NBSE Bookkeeping Class 10 – Practical and theory

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Here, you will get the theoretical answers and practical solutions to the questions of all the chapters of NBSE class 10 bookkeeping subject. However, the given notes/solutions should only be used for references and should be modified/changed according to needs.

Chapter 1: Final Accounts, NBSE Bookkeeping class 10

Every business wants to make a profit. So every year the business calculates its profits and losses at the end of the year as well as takes records of the assets and liabilities it has acquired. To calculate a business’ profits or losses and to assess the position of the assets and liabilities, the business prepares the trading account, the profit and loss account, and the balance sheet. These are prepared at the end of a financial year taking into consideration all other books of accounts. In class 9 you have learnt how to pass journal entries and how to prepare ledgers. The trial balance is prepared using the balances of the ledger accounts and once we have the trial balance, we can prepare the final accounts. They are called final accounts because they are prepared at the end of other books of accounts and they show the profit or loss and the standing of the company after the end of a particular financial year.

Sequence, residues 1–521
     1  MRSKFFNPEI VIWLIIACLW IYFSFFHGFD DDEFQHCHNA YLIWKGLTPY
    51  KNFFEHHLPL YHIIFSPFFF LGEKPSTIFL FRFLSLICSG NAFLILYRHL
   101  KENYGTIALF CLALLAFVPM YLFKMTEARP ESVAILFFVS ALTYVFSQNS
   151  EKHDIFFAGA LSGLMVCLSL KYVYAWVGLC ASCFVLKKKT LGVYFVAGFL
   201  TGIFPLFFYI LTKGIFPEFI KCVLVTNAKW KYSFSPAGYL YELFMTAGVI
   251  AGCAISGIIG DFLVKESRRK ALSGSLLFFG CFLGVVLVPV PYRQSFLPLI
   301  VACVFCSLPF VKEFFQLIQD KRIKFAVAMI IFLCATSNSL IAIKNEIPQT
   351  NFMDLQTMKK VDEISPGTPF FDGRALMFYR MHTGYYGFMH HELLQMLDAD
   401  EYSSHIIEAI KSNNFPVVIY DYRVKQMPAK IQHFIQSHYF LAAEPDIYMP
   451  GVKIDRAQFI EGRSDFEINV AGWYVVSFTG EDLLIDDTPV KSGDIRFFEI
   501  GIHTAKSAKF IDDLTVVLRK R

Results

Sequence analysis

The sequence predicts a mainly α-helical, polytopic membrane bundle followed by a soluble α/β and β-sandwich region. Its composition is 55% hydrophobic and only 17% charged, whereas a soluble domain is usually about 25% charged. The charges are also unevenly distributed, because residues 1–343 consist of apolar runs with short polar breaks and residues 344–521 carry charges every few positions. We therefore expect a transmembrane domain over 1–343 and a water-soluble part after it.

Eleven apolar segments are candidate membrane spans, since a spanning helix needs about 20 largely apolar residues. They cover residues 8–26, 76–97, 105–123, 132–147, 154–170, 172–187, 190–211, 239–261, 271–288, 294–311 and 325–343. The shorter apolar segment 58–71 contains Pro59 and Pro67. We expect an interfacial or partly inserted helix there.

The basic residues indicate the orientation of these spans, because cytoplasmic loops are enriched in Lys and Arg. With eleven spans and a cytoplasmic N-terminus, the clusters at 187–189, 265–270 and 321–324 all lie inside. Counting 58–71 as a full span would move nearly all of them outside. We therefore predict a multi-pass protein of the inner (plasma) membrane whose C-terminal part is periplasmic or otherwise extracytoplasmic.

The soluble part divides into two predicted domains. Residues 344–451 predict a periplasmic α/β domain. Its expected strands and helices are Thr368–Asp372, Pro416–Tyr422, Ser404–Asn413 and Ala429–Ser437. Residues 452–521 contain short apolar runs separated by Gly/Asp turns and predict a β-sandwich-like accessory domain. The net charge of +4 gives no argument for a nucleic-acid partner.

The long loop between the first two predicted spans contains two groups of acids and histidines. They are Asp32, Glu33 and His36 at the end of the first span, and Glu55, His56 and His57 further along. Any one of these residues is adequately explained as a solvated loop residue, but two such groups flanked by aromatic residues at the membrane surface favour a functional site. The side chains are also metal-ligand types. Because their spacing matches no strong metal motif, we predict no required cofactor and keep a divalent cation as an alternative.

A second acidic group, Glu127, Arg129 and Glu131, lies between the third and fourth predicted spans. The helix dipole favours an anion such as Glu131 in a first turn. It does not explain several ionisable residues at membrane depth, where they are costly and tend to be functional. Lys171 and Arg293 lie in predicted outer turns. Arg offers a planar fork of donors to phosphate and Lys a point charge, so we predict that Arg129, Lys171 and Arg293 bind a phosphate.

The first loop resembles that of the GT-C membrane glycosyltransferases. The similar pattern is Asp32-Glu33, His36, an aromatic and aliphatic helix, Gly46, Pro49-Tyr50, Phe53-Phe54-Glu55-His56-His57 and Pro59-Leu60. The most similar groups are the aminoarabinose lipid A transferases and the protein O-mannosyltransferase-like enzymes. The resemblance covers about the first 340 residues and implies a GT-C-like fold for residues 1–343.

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Chapter 2: Banking, NBSE Bookkeeping class 10

Banking, in the simplest sense, is the process of accepting deposits from customers and paying them back on demand. But it is not always about accepting money and paying them back. It is also about lending money and doing investment. The banks are able to pay you interests because the money that you put in the banks do not stay there. The banks use the money to give others loans and charge interests from them. The banks also invest in other opportunities and this way the banks are able to make some income. This income is used to pay the salaries of the staff and to pay interest to the depositors. Now, not all banks are the same. A salaried person and a business cannot have the same kind of bank account. For instance, a salaried person would have very limited transactions in a month. Therefore, he or she would preferably open a savings account. A business house, on the other hand, would have a number of transactions in a particular day and therefore they cannot operate on a savings account. The business houses thus have to operate through current accounts. In this chapter of NBSE class 10 bookkeeping, you will learn about the different kinds of accounts, and the different types of banks that exist and the functions perform.